M-Day army is fighting on the home loan front

If your mortgage adviser isn't authorised before today's deadline, you're in trouble

The biggest-ever shake-up of the UK mortgage industry happens today. But you won't feel the full effect of the changes until you apply for a home loan, because existing mortgages aren't affected.

The biggest-ever shake-up of the UK mortgage industry happens today. But you won't feel the full effect of the changes until you apply for a home loan, because existing mortgages aren't affected.

The main difference M-Day will make is that you'll get a lot more information when you apply for a mortgage. Every mortgage lender must supply potential borrowers with a "key features illustration" (KFI), spelling out how much the home loan will cost you. It also tells you what you'll pay when a special offer comes to an end and how much you could pay if interest rates rise.

This document will enable you to compare mortgage deals, increasing your chances of getting the best home loan for your circumstances.

As well as the KFI, if you use an adviser - which you should, if you want to find the best deal - you will receive an "initial disclosure document". This tells you everything you need to know about the adviser, including whether the firm offers just its own products, a select few or products drawn from across the whole market. Opt for a firm that has access to at least 20 to 30 lenders (the more the better). Otherwise, you limit your chances of finding the most competitive rate.

You will also be told whether the intermediary is authorised to give advice (some aren't), what fees are payable and under what circumstances refunds will be paid. You will be told what to do if you have a complaint and whether the mortgage is covered by the Financial Services Compensation Scheme.

This will mean a lot of paperwork. Given that many borrowers get bored reading a page or two of information about their mortgage under the current system, you're not likely to be thrilled to be handed a wad of documents. But John Tiner, chief executive of the Financial Services Authority (FSA), the City watchdog - which takes over the regulation of the mortgage industry from tomorrow - insists this is the cost of transparency.

Overall, the changes are a positive step, although they may lead to increased costs for consumers because advisers have invested heavily in new computer systems and will have to devote more time to handling your application.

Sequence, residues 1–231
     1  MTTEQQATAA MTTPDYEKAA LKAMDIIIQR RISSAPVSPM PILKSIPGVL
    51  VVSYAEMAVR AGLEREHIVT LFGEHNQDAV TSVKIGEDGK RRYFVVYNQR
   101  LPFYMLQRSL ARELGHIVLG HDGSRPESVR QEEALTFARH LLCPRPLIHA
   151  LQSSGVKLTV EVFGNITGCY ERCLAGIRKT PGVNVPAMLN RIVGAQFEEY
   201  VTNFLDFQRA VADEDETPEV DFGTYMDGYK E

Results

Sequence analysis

But under the new regime, if things go wrong, consumers will be better protected and find it easier to pursue a dispute with a broker or lender.

Although hundreds of advisers are rumoured not to have achieved authorisation yet, this is not through lack of notice. The FSA announced nearly five years ago that it would be replacing the current voluntary code, administered by the Mortgage Code Compliance Board (MCCB).

While the MCCB has done a reasonable job, it hasn't actually deregistered an individual or company for misselling - ever. Now, this may reflect our excellent mortgage industry or it may suggest that the MCCB is toothless. Whichever, the FSA is set to be much tougher.

But despite the positives there are glaring omissions in the new system. All existing mortgages and buy-to-let loans are totally excluded from the new regulations, as are commercial mortgages and second-charge mortgages (secured loans where you lose your home if you don't keep up these repayments as well as those on your mortgage). The FSA will probably bring these under its wing eventually, but meanwhile, those advisers who don't gain authorisation are likely to offer mortgages that don't fall under the watchdog's remit. There should be plenty to keep them busy too, particularly with buy-to-let, which has seen significant growth in the past two years.

When you take out your next mortgage, ensure the adviser is authorised by the FSA - particularly if you are opting for buy-to-let or any deal that doesn't come under the FSA's remit. Make sure you protect yourself.

If you are in the middle of a mortgage application and your adviser is authorised, there is nothing to worry about. But if your adviser isn't authorised before today's deadline, you could be in trouble. The FSA can take out an injunction to stop unauthorised advisers trading, leaving you to start the process again from scratch.

This could mean you lose fees you've paid and even the property you've set your heart on: a very painful wake-up call to the realities of regulation.

m.bien@independent.co.uk

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